Some time ago, I pointed out a connection between Michael Gove’s bizarre belief that anti-semitism, being evil, is something that ought not to be dissected and understood, and David Cameron’s desire to paper over discussion following the London riots.
In both of these cases, a senior Conservative politician seems scared of allowing analysis and discussion to go on. Rather than pushing for a particular course of action by arguing for it, they argue that there can be no arguments or analysis, and then try to present their own preferred action as the default one.
David is at it again over the Olympic opening ceremony. Rather than saying that the ceremony is a political expression that he agrees with, and thereby risk alienating people, he tries to pretend that it is an entirely apolitical affair.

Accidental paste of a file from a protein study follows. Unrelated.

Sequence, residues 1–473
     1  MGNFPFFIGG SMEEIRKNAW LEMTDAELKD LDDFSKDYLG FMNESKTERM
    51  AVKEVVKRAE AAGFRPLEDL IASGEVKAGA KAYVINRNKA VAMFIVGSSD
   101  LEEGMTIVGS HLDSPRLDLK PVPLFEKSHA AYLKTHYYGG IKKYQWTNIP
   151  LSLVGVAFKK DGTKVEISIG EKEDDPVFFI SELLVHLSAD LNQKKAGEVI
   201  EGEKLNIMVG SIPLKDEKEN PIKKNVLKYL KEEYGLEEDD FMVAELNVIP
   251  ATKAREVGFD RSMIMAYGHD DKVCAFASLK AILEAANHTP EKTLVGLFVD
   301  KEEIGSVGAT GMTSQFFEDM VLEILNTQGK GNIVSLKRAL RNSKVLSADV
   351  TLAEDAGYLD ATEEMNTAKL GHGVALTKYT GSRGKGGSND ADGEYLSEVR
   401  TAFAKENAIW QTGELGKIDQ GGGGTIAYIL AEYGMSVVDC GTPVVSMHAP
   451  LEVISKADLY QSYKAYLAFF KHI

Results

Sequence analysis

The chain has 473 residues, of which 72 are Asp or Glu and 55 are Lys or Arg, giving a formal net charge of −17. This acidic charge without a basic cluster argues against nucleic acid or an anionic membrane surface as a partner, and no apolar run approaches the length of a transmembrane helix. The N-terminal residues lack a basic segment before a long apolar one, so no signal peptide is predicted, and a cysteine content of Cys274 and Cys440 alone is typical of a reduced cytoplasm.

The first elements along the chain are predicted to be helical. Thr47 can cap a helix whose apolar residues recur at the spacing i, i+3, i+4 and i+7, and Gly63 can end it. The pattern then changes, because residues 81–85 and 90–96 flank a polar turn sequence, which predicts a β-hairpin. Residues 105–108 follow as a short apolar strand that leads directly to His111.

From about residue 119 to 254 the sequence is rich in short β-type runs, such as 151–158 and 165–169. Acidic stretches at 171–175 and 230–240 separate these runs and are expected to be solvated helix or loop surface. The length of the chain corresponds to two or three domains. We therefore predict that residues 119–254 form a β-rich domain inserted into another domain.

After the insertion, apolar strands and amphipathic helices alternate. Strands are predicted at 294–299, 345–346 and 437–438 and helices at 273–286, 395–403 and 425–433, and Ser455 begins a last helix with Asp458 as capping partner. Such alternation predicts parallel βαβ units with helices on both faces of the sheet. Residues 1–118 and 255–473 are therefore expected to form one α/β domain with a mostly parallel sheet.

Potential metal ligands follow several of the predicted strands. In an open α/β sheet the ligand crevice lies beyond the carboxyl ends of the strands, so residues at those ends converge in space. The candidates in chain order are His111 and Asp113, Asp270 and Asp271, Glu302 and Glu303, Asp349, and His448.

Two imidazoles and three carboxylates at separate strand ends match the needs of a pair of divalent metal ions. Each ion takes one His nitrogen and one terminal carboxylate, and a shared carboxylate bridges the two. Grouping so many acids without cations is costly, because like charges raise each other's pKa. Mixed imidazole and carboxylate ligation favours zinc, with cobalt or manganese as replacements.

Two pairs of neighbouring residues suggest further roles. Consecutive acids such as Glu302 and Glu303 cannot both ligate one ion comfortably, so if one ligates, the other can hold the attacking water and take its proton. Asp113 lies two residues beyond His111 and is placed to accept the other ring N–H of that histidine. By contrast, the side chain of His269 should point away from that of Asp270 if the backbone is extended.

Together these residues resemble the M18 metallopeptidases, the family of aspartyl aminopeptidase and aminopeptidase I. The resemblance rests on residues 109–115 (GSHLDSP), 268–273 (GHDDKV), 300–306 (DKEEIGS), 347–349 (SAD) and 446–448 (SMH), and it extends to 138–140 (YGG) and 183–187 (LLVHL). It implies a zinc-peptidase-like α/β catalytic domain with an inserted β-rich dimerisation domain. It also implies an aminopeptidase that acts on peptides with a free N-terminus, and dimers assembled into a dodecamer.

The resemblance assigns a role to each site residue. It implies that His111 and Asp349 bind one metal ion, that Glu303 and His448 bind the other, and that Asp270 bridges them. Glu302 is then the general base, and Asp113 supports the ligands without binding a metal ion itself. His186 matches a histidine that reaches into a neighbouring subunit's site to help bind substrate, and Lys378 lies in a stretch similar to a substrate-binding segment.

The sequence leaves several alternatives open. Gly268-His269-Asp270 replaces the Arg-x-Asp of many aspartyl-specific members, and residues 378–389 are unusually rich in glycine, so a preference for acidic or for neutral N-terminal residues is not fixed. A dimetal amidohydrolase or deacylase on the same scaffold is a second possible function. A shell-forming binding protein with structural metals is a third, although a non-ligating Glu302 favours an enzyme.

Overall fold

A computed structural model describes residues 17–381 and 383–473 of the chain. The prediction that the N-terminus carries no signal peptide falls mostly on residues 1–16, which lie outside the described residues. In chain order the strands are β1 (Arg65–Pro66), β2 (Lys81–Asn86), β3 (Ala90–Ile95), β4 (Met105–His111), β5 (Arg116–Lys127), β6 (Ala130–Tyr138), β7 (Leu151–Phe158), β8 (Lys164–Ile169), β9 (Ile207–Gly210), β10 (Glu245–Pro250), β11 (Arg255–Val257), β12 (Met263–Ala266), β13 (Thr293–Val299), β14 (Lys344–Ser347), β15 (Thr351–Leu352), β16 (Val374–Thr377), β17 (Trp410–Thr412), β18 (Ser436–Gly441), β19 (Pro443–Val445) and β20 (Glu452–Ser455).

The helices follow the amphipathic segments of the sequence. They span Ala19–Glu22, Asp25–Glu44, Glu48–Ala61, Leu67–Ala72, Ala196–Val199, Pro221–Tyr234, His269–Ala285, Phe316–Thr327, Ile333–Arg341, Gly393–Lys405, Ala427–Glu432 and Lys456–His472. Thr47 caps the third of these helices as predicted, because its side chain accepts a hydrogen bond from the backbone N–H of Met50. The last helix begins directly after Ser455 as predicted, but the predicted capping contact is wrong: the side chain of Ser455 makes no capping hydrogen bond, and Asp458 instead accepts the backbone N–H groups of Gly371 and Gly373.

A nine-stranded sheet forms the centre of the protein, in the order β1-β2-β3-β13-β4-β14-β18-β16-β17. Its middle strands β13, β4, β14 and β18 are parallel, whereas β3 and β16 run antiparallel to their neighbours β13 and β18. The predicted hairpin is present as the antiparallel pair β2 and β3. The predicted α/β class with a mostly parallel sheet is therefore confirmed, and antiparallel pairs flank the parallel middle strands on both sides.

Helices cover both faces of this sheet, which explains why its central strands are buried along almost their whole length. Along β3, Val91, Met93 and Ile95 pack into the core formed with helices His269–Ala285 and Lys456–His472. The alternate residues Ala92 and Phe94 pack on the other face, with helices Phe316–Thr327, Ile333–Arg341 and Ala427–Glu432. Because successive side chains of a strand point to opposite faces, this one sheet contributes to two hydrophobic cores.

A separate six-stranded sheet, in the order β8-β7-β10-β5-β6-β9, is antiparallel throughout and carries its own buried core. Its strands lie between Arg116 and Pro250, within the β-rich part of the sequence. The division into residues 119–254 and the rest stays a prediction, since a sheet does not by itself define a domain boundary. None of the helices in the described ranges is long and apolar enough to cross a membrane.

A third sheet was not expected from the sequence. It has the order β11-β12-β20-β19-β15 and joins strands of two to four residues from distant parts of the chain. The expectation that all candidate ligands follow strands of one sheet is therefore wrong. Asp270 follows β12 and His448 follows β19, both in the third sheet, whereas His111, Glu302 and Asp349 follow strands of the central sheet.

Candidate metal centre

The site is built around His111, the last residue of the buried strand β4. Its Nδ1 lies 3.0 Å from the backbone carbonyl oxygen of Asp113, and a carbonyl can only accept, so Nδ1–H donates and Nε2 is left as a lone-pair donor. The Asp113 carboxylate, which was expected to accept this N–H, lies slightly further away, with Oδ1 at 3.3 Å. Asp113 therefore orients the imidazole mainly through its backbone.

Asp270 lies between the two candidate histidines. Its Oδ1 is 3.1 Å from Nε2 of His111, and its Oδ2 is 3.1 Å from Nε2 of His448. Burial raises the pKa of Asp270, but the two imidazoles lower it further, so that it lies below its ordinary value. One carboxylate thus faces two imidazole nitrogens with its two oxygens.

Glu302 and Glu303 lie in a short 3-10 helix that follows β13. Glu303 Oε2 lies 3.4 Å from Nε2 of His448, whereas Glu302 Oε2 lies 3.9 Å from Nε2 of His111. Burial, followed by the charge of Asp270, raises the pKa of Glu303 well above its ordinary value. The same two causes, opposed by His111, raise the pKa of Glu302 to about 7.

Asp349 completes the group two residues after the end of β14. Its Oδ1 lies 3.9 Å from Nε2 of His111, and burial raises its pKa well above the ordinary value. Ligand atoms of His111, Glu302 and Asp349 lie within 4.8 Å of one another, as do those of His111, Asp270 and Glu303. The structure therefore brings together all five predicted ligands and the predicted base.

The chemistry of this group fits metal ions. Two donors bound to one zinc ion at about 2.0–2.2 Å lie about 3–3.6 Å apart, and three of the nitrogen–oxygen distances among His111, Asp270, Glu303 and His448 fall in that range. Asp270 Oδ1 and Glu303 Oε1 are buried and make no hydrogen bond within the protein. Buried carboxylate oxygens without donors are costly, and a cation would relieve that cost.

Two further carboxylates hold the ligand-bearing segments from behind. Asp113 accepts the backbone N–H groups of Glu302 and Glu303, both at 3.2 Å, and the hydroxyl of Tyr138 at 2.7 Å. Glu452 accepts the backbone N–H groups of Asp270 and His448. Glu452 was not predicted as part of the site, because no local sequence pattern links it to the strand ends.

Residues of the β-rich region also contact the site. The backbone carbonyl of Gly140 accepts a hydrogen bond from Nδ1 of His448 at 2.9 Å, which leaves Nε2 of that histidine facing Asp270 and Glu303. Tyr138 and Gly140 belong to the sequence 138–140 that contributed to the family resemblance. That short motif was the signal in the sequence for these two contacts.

To do this, he pushes the elements under criticism as if they were moral axioms that transcend all people, things about which disagreement is not possible.
He added: “It is not about politics. We all celebrate the NHS. We all think James Bond is fantastic. We all revere the Queen.”
Think what you will of the politics of both Danny Boyle and David Cameron: this statement is untrue.
Obviously, not everybody “revere[s] the Queen”: The existence of the Republic campaign confirms as much. Some people, myself included, wish for the NHS to be abolished, and a great deal more wish for it to be replaced or reformed. I’m sure that there is disagreement over whether or not James Bond is loveable.
Once again, David Cameron avoids sticking his neck on the line by declaring an issue impervious to reason.